Several readers responded to my call for photos, and most are post-worthy. There’s a diverse phylogenetic mixture today. For example, reader Jeremy sent some photos of the adorable pika in its mountain habitat, with an extra “spot the pika” feature (answer tomorrow):
I went hiking today around the Lake Louise area in the Canadian Rockies. I came across two of these little critters running around the rocks. They’re called “pikas” (Ochotona princeps). I would never have spotted them if they hadn’t been making high-pitched calls to one another across the rocky terrain.
Note: pikas are more closely related to rabbits than to rodents: they’re in the order Lagomorpha. One family of that order contains the bunnies and hares (Leporidae), and the other family the pikas (Ochotonidae). And damn if these little guys aren’t cute!:
I’ve included a shot of a pika zoomed in, and another at normal zoom to show how well these little guys blend into their surroundings. Can you spot it?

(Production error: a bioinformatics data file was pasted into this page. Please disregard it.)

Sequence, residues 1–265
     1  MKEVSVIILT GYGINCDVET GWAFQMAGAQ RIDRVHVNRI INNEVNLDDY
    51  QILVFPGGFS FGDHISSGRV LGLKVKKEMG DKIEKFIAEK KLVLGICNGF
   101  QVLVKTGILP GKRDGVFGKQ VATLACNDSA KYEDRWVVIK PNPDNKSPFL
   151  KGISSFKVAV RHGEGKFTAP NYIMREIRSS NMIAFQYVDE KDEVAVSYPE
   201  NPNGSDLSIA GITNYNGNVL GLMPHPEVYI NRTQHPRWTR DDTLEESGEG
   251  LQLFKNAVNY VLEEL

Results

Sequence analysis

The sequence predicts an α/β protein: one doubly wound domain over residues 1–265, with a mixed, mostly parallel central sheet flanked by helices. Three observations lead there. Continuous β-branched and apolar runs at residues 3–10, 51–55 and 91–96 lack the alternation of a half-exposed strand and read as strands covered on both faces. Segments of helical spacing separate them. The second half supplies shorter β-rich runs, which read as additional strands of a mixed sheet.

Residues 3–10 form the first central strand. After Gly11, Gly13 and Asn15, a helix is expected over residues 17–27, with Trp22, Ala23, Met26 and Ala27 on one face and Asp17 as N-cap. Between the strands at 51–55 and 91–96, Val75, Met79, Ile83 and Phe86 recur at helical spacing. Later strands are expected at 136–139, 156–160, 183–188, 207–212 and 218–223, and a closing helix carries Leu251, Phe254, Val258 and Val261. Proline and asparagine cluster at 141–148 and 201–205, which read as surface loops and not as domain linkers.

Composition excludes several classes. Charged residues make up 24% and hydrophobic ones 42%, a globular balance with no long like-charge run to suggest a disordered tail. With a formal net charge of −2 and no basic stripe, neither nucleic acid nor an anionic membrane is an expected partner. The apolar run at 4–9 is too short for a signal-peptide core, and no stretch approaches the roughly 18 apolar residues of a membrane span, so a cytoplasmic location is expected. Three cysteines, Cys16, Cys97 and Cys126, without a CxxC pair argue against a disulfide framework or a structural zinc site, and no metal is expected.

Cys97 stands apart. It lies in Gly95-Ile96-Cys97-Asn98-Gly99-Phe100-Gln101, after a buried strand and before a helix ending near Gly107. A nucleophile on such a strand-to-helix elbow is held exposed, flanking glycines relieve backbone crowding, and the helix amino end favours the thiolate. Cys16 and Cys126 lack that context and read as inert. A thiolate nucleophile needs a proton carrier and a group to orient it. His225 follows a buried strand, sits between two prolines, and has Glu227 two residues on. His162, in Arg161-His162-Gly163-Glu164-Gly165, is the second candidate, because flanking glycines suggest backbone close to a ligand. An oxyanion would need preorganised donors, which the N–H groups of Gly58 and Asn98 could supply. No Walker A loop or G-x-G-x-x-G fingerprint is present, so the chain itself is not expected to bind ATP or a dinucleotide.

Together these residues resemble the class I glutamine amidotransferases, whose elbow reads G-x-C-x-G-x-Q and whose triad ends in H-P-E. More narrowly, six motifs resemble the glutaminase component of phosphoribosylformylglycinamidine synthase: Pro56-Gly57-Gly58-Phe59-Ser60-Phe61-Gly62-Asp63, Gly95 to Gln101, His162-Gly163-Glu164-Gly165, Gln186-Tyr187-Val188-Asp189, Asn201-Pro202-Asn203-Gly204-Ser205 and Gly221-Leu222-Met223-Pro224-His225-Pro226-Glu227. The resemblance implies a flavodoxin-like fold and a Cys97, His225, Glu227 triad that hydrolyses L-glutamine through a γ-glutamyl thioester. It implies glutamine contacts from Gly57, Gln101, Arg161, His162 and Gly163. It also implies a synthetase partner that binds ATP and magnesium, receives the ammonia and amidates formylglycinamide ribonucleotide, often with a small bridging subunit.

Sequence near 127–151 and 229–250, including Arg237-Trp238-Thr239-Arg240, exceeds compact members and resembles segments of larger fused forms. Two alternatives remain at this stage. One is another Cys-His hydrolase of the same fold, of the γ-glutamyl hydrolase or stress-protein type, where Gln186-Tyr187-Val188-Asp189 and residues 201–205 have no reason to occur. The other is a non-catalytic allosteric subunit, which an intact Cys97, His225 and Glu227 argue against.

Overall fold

Answer later today. Try to find it!
And, across the Big Pond, from reader Elise:
If you are running low on reader wildlife pictures, here are two that you may be interested in. They are of starfish on Piha beach west of Auckland, NZ. They are on a rock that is only exposed during low tide and there are a ton of them! Piha beach is one of my favourite spots for tide pooling.
Butterflies from reader Jason:
Here are two piccies of a family Nymphalidae, Aglais io or Peacock butterfly that I took at the Harewood House stately home in Yorkshire today. I’m not a butterfly head but I managed to identify this one from the web. I could see its proboscis curling up and down into the flowers, it was amazing.
Finally, reader Chris sent a frog, with a needlessly self-deprecating caption:
Obviously not as professional as some, but in case you feel a need to include an amphibian! I believe it’s a pickerel frog (Rana palustris). [Readers?] Photo taken near Ithaca, NY with an iPhone 4S.
Frogs are lovely, and the kind of animal nobody could ever have predicted a priori would evolve. They’re an evolutionary mess: a jury-rigged amphibian.